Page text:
Singh (b. India, 1978) lives and works in the UK and India. His photographic practice is informed by his thirteen years of HIV/AIDS work and community activism in India, along with a formal study of art history and photography. He is interested in the representation of gender and sexuality, relationships, recovery, loss and desire.
His work was featured in Uncertain States # 14, a lens-based, artist led project in London and Take on Photography a special edition by Take on Art, New Delhi, India during Delhi Photo Festival, September 2013. He has also had work exhibited at the Nigah Queer Fest, Goethe-Institute, Max Mueller Bhawan, New Delhi October 2010 and November 2011.

The Blind Photographer – Angela Zualaga Valencia

Ángela Zuluaga Valencia (b. 1986) grew up in Colombia, South America. She earned her degree as an Audio-visual Communicator in 2010. Her main interest has been in documentary and street photography. Her current work revolves around self-portraiture both in video and photography.

Her video installation piece entitled “The Blind Photographer” deals with subjects like symbolic deaths, mental illness such as Bipolar Affective Disorder and identity.
The background of this project is that on the 30th of July 2013 she was admitted into a mental institution due to a severe episode of psychosis and was held for 30 days until finally discharged on the 3rd of September 2013.
During her time there she started video recording a diary at the same time she was taking self-portraits, activities that continued after she was discharged. These videos depict her mental state at the time, her current mood and concerns.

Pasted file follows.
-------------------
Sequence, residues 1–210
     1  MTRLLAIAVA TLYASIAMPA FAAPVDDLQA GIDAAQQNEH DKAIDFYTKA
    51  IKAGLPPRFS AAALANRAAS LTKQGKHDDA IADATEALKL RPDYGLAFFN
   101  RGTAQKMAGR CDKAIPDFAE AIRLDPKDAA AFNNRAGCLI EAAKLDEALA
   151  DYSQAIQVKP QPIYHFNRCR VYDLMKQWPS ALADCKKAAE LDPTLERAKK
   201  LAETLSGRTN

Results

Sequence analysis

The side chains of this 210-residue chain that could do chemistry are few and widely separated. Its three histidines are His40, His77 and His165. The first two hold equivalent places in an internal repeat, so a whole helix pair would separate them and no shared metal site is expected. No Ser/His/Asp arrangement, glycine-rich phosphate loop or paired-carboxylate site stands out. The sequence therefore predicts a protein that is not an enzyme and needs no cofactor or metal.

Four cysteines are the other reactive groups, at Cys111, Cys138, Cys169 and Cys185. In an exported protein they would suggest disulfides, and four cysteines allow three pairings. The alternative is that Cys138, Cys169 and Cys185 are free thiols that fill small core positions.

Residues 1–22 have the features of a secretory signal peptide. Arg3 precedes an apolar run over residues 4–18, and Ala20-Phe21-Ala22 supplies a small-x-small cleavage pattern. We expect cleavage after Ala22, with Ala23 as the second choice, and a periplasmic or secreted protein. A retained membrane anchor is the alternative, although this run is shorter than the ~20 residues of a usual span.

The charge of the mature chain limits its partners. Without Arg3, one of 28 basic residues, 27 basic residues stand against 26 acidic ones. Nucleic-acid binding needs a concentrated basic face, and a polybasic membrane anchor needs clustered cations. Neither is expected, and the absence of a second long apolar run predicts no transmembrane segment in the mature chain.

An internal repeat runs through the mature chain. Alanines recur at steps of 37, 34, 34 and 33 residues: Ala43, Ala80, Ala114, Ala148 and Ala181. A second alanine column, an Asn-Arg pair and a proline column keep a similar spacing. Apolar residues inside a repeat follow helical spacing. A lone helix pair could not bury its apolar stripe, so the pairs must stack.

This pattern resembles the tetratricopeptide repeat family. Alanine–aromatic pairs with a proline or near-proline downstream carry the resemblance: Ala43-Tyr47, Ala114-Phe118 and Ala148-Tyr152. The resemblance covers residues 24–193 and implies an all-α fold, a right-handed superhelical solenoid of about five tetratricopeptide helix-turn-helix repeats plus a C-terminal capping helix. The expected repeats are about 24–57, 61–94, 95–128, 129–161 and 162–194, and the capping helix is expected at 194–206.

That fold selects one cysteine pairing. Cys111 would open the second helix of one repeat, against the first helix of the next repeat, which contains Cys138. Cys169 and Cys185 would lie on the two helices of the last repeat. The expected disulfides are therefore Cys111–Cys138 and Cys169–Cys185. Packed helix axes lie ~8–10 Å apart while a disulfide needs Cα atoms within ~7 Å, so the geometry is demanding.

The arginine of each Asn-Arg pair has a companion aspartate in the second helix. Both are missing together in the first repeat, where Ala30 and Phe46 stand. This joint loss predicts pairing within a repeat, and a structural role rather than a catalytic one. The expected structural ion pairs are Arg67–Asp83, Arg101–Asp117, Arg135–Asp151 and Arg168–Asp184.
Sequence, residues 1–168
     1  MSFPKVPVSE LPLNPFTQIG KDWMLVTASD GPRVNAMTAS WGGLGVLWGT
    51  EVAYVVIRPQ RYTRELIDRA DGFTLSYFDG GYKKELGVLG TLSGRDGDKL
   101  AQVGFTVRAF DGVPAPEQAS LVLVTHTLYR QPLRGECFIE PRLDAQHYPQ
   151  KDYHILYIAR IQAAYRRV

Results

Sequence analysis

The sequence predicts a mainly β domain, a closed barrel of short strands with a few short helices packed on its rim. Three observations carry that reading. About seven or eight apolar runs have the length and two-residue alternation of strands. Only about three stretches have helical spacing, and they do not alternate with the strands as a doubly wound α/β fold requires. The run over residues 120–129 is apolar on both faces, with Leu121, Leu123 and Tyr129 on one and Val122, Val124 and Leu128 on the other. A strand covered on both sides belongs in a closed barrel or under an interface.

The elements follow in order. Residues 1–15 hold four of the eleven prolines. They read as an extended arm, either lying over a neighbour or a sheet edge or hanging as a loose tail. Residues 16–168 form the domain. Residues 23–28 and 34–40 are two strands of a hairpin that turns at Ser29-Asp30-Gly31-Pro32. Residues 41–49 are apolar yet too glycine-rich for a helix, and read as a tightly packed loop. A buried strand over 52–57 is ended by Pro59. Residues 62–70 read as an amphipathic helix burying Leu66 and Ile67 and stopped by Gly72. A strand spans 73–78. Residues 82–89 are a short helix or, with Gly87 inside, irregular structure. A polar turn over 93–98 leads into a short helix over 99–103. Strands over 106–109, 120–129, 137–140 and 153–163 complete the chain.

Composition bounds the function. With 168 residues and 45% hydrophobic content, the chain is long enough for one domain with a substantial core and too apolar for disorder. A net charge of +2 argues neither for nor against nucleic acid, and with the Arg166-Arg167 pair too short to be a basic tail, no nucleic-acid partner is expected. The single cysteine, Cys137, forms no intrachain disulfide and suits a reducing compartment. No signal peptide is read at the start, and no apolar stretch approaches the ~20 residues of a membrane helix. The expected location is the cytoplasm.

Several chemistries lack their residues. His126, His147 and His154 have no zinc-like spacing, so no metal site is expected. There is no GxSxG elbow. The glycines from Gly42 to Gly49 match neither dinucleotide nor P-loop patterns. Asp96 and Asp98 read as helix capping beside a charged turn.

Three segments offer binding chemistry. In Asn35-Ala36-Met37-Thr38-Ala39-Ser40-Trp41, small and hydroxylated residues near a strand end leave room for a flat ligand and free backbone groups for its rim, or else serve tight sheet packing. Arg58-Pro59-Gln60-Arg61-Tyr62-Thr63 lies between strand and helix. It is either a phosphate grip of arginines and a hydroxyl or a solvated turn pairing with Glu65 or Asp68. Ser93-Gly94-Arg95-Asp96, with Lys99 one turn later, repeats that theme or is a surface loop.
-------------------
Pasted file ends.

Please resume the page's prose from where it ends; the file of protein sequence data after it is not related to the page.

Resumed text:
Deimos and Morpheus – Christina Neill-Griffin

Deimos is a moon of the planet Mars, named after Deimos & Phobos the twin sons of Ares & Aphrodite, whose Roman counterparts were Mars & Venus. Deimos was the little known Greek god of flight & terror. Morpheus was the Greek god of dreams; his name signifies his ability to transform the dreams as they appeared to the sleeper.
Deimos and Morpheus explore the physical and sensory experience of total memory loss – something that was personally experienced by Christina.
Deimos captures the ephemeral feeling of the fear and confusion, of not understanding the world around you, the distortion reality, and the whirlwind of time. Deimos is not visible through any other medium but photography, using layered images and slow exposures, maintaining a little of the beauty and excitement with which children see the world, before they grow up to be cynical adults.
Morpheus recreates the subversive reality of our experiences,  Morpheus questions our ability to understand the purpose of an object, without the memory of what it is. Memory is such an integral part of life that functioning in society is almost impossible without it.